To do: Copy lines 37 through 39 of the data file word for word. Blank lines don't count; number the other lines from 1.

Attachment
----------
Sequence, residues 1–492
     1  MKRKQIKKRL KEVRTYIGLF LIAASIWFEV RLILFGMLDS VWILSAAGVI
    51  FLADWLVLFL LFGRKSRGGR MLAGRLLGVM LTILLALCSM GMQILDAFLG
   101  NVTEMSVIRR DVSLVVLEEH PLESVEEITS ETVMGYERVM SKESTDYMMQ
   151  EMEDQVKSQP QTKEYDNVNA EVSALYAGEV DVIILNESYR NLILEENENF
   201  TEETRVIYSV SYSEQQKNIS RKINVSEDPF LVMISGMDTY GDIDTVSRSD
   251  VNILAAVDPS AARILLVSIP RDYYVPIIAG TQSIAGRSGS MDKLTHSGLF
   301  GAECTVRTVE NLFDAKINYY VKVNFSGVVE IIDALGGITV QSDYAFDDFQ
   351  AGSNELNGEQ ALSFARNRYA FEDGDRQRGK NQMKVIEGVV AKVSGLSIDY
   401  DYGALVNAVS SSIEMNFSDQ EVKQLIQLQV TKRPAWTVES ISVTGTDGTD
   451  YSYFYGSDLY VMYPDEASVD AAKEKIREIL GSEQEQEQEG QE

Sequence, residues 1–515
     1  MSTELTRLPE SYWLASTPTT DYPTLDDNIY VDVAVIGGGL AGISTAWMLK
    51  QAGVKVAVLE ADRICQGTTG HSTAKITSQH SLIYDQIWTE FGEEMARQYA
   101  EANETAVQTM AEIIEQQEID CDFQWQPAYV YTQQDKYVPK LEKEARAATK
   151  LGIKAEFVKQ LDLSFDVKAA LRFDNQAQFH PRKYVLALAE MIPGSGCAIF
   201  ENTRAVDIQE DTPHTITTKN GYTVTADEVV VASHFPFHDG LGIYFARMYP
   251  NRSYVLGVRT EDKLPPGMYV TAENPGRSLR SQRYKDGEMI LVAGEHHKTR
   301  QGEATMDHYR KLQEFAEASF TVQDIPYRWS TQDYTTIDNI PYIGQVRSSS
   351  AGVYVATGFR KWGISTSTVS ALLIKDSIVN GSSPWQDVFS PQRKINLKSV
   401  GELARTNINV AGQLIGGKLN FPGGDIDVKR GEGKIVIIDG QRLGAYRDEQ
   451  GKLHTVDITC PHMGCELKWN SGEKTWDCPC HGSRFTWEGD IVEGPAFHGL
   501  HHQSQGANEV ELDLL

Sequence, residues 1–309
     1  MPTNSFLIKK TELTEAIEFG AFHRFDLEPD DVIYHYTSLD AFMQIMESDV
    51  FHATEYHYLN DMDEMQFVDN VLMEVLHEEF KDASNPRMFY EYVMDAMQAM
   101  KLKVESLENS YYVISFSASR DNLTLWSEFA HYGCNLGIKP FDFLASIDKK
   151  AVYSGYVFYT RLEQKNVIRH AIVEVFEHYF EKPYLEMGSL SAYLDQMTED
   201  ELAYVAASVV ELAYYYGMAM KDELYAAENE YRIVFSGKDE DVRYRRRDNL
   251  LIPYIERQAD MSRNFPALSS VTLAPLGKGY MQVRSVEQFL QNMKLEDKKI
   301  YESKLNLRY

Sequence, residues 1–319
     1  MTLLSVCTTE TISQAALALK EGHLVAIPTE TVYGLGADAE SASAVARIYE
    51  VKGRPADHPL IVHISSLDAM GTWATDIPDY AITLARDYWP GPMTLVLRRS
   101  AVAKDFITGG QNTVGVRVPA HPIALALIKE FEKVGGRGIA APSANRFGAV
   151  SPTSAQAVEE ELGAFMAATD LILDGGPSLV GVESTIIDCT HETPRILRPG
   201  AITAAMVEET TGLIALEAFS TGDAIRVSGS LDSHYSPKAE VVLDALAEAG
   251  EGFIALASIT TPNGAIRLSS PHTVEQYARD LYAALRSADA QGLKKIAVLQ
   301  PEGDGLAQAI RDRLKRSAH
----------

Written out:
   201  AITAAMVEET TGLIALEAFS TGDAIRVSGS LDSHYSPKAE VVLDALAEAG
   251  EGFIALASIT TPNGAIRLSS PHTVEQYARD LYAALRSADA QGLKKIAVLQ
   301  PEGDGLAQAI RDRLKRSAH